I’ve noticed that many A/B test tools often look at a static snapshot of test results – e.g. 7 days after the test launched, what’s the difference between the average of X metric in the test group versus the control group?
Depending on the type of experiment you’ve designed, I’d recommend taking a look at the experiment results over time:
- There could be major novelty effects. I’ve seen many tests where we’ve changed an icon, or changed the color of a button, naively pronounced “People are doing this 2x more!” on the first day and then realized the effects were close to 0 the following days.
- There could be early adopter effects. If you are experimenting on mobile apps, often times your experiments are shipped on the latest release of your app. So the users experiencing the test are not only daily active users (who are likely more engaged than weekly actives or monthly actives), but also are engaged enough to be updating their apps promptly and frequently.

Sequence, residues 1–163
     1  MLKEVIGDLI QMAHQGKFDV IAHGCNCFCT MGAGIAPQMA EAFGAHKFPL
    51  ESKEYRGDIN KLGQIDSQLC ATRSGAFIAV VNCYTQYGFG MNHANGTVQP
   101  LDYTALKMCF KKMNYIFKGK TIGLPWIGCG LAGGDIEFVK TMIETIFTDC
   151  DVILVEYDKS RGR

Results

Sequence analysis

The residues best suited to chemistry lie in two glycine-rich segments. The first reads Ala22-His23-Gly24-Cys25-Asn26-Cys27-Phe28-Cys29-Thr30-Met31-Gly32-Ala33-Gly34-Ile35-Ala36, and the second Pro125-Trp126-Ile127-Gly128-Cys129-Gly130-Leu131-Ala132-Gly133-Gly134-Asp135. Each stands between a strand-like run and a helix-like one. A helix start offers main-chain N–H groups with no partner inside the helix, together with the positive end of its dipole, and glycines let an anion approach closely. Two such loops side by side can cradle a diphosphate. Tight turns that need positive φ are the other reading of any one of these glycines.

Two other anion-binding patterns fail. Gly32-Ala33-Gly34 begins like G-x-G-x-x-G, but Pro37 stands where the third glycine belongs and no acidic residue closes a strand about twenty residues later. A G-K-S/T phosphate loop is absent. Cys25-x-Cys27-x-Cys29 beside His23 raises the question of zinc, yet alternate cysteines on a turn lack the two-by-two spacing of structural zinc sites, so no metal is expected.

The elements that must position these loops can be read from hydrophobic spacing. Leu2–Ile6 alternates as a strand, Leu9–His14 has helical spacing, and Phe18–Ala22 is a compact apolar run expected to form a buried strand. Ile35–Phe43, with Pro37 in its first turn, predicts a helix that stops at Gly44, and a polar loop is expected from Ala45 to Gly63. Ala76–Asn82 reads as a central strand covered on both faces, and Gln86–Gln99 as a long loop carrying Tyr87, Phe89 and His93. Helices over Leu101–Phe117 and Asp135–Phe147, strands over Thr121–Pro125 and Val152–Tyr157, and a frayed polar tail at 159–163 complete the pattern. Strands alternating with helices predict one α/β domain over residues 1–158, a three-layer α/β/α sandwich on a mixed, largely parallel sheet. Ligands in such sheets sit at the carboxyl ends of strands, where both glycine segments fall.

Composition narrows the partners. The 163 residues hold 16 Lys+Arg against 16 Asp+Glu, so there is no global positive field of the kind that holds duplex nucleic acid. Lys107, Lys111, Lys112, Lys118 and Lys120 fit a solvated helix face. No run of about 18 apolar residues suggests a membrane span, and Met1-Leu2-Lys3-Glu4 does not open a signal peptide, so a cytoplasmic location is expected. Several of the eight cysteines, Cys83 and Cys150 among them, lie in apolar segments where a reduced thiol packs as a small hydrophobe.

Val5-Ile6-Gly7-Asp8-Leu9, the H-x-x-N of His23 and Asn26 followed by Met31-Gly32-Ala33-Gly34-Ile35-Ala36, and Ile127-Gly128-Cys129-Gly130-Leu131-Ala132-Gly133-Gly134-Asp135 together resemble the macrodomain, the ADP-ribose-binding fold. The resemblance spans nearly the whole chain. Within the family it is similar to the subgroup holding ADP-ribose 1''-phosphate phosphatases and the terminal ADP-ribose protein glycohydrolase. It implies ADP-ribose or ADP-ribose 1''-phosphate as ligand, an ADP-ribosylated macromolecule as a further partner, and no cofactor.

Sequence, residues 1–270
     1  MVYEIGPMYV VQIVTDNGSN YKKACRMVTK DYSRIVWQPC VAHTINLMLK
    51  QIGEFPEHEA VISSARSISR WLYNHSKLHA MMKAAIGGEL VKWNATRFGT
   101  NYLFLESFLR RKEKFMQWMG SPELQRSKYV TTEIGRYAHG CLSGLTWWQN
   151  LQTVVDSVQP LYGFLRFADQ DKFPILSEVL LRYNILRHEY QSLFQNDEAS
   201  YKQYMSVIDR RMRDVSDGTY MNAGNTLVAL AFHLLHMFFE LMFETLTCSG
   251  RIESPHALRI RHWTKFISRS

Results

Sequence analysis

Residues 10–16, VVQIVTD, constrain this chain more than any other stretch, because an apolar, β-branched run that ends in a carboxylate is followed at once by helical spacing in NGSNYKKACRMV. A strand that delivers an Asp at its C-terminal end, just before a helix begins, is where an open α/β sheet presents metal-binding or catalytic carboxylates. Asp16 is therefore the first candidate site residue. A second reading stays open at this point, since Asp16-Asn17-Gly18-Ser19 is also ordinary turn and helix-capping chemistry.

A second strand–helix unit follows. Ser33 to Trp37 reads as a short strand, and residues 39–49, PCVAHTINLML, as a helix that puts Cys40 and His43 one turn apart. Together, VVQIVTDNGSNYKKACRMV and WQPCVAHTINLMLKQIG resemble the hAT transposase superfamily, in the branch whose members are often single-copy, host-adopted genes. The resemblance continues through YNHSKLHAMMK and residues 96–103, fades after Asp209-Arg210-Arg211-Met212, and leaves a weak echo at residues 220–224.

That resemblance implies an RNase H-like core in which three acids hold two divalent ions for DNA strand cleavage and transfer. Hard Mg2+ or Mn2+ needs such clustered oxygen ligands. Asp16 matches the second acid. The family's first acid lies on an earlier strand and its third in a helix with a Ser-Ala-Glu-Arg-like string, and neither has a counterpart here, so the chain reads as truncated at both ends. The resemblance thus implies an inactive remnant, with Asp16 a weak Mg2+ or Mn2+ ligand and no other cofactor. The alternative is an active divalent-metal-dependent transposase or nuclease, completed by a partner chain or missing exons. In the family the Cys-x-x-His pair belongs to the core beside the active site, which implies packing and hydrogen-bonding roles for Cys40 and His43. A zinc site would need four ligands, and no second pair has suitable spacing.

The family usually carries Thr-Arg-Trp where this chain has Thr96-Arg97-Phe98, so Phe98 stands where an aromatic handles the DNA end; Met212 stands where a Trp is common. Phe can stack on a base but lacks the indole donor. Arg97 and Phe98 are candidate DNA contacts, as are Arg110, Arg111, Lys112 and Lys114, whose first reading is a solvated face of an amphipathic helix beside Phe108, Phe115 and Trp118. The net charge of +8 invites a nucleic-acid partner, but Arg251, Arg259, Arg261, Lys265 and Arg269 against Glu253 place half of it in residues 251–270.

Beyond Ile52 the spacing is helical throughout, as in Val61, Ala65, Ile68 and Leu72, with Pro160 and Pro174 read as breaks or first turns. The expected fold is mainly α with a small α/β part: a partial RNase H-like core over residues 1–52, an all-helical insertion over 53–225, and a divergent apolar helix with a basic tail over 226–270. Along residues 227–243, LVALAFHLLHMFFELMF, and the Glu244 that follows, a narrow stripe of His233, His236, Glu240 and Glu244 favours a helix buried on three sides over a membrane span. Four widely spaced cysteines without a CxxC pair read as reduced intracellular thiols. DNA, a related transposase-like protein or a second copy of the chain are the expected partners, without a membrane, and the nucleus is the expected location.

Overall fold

- People learn new behavior. In cases where we’ve made drastic changes to the core experience, sometimes we’ve seen major hits to all metrics that proxy for user experience – e.g. user retention, reviews, revenue. But with things that do shake up the whole app, looking at the results over time allows you to know if this is either a one-time step change in the way people use the app, if it’s a continuous negative spiral, or if people adjust to the new experience over time.
I’m all for easy A/B testing tools with clear visual snapshots, but let’s be mindful that in data, there can be more to the story.